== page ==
In dogs, the sacrum consists of three fused vertebrae (Evans & De Lahunta, 2013) and recently the population of greyhounds in Victoria, Australia have shown a remarkably high incidence of sacrocaudal fusion in which the sacrum consists of four fused vertebra (Oheida, Philip, Yen, & Davies, 2016). Scientific data and the available literature regarding how the occurrence of sacrocaudal fusion might influence the morphology of other parts of the locomotory system in dogs is not clear enough to explain why sacrocaudal fusion appears to be so prevalent in the Victorian greyhound population. This study set out to explore the hypothesis that there are measurable differences in the morphology of the sacrum (S. Weight, S. Length, and S. Width) between greyhounds with standard (3 fused vertebrae) and those with different types of fused sacra (4 fused vertebrae, Type B, C, and D). Also, it was hypothesised that there is an association between the sex and body mass of the greyhounds and morphology of the sacrum (S. Weight, S. length, and S. Width). In addition, this study included an exploration into the influence of sacrocaudal fusion on the morphology of related anatomical structures within the spine such as the L.7 vertebra, and selected bones in hind limbs such as the calcaneus, talus, and patella. The sacra were collected from 171 greyhounds and classified using two systems. For the first system, sacra were classified based on the number of fused vertebrae and the type of fusion into four types: Type A (standard sacra), Type B (complete fusion between the transverse processes and between the bodies of the S3 and Ca1 vertebrae), Type C (fusion only between the transverse processes of the S3 and Ca1 vertebrae), and Type D (fusion only between the bodies of the S3 and Ca1 vertebrae). For the second classification system, sacra were classified based on the presence, reduction, or absence of the median sacral crest between the spinous processes of the S1 and S2 vertebrae into the following three types: Type F (a complete fusion or crest), Type R (reduction in the height of the crest between successive spinous processes), and Type N (absence of the crest). The length, width, and weight of sacra, calcanei, tali and patellae were recorded and compared between the greyhounds with standard and fused sacra. Also, the length of the L.7 vertebra and the angle of the lumbosacral junction and the angle of the spinous process of the 1st sacral vertebra were compared between the greyhounds with standard and fused sacra. There were variable numbers of the population in various chapters because some bones were too difficult to measure or because of breakage of bones during processing. The exact sample numbers are indicated in each table illustrating the results. The results of the studies showed that there was an increase in the convexity of the curvature of the pelvic surface of the sacrum and an increase in the roughness of the articular surface of the sacral wing in association with the occurrence of sacrocaudal fusion. Sacrocaudal fusion was found in 71 out of 171 greyhounds (41%). Overall, the mean weight, length, and width of the fused sacra were found to be significantly greater (P < 0.01) than standard sacra. Among the fused sacra, 13.5% (23/71) were Type B, 21.1% (36/71) Type C, and 6.4% (11/71) Type D. Type B sacra (complete fusion) were the heaviest (P <0.001), broadest (P <0.001), and longest (P <0.001) sacra compared to Type A, C or D sacra. Regarding standard and different types of fused sacra, there was no association between the sex, body mass and the occurrence of sacrocaudal fusion. In addition, different scenarios were suggested for the evolution of sacrocaudal fusion in the greyhound. The first scenario was termed “Continuous Dependent Sacrocaudal Fusion”, in which it was proposed that fusion occurred first between the S3 and Ca1 vertebral bodies, followed by the occurrence of fusion (Type C), with a final result of complete fusion (Type B). The second scenario was termed “Continuous Independent Sacrocaudal Fusion”, in which the sacrum might change from Type A to either Type C or D, and then further evolve into Type B (complete fusion). The third proposed scenario was termed “Non-continuous Independent Sacrocaudal Fusion”, in which a sacrum may evolve directly from Type A (standard) to be Type B, C or D without going through the possible sequences assumed in the first or second scenarios. The reduction (R) or absence (N) of the median sacral crest between the spinous processes of the S1 and S2 vertebrae, which has been observed in association with the occurrence of sacrocaudal fusion, allowed us to suggest this new classification of sacra in greyhounds. This classification divided sacra into three different types (F, R, and N) and the percentage of each was found to be significantly different between standard and fused sacra (P <0.001) with the fused sacra more commonly showing the N type, and not associated with sex or body mass. In addition, the angle of the spinous process of the 1st sacral vertebrae of sacra with median crest type N was statistically significantly less (more upright) than those in sacra with median crest type F (P <0.042). Investigating the morphology of the L.7 vertebra as an anatomical structure articulating directly with the sacrum and lumbosacral junction, showed that the L.7 length was significantly (P ≤ .008) longer and the angle of the lumbosacral junction in greyhounds with fused sacra was significantly increased (P <0.028) in dogs with sacrocaudal fusion compared with those with standard sacra and this variation was not associated with sex (P <0.765) or body mass (P <0.802). The results showed that the right and left calcanei, tali, and patellae in greyhounds with standard and fused sacra were anatomically similar. Among all greyhounds, asymmetry between some of measurements was found, including in the width of the calcaneus (P <0.009) and the talus (P <0.025) and the length of the calcaneus (P <0.001). Measurements were higher in those bones from left hind limbs. Studying specifically the greyhounds with standard sacra also showed asymmetry in the length of the calcaneus (P <0.008) and again those calcanei from left hind limbs (L.C.L) were longer than those from right hind limbs (R.C.L). For greyhounds with fused sacra, asymmetry was found in the width of the talus (P <0.024) and again those of left hind limbs were wider than those from right hind limbs. Regarding the influence of sacrocaudal fusion on bones, there were no significant differences in the mean of measurements in bones between greyhounds with standard and those with fused sacra except for the mass of the right (M.R.C, P <0.003) and left (M.L.C, P <0.006) calcaneus. Also, the measurements of these limb bones from greyhounds with fused sacra were heavier than those with standard sacra. This thesis provides quantitative data about the occurrence of sacrocaudal fusion and is the first study to investigate the morphological anatomy of the two types of sacrum: standard or fused, as well as selected bones in the vertebral column and hind limbs of greyhounds, such as the L.7 vertebra, calcaneus, talus, and patella. In summary, sacrocaudal fusion in greyhounds was associated with a change in the morphology of the sacrum, which included an increased angle of the spinous process in the 1st sacral vertebra, a reduction or absence of the median sacral crest between the spinous processes of the S1 and S2 vertebrae, and changes in related structures, such as an increase in the length of the L.7 vertebra and angle of the lumbosacral junction. Furthermore, it seems that sacrocaudal fusion has a type of influence on certain hind limbs bones such as the mass of the right and left calcanei. These variations in the anatomical features of the sacrum between dogs with or without sacrocaudal fusion may influence the effect of forces applied to the sacral region and also the incidence of injuries. In conclusion understanding the morphological variations of different types of sacra, in addition to the data provided by this thesis, is establishing a solid base for further research, which might help to explain why sacrocaudal fusion is so common in the Victorian greyhound racing population. Overall, this work provides an anatomical foundation for understanding the function of the sacrum in greyhounds and highlights how investigation into the sacral anatomy and related structures of the greyhound body may further the current understanding of dog locomotion.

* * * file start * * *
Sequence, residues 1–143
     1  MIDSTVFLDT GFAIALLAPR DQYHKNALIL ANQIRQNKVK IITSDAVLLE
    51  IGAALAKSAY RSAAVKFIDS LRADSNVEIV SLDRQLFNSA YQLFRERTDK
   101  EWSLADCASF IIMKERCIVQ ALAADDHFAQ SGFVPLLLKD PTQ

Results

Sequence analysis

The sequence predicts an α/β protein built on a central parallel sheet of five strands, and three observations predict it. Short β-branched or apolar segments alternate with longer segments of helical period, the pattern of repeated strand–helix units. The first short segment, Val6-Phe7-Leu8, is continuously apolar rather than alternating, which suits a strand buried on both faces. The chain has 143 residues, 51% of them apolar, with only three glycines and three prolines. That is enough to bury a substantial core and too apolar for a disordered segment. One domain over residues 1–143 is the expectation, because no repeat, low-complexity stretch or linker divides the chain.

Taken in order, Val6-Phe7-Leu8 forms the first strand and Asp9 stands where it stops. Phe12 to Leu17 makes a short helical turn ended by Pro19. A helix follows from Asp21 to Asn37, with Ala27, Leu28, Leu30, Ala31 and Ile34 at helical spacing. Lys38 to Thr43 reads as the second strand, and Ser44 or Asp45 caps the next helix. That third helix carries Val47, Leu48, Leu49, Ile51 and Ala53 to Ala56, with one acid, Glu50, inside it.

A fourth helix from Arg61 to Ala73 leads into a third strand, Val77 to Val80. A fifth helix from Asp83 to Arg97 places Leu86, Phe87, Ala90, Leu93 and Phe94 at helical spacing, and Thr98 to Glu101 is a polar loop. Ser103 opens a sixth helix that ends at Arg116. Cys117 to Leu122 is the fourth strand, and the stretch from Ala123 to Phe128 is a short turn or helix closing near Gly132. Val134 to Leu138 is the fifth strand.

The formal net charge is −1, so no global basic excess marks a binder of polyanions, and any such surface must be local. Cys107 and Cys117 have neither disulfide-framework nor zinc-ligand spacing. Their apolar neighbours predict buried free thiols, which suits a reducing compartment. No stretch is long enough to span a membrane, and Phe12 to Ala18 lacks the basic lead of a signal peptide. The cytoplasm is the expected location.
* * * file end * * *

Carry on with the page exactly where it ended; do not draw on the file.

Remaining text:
Comparative analysis of the faecal virome of dogs with various inflammatory intestinal diseases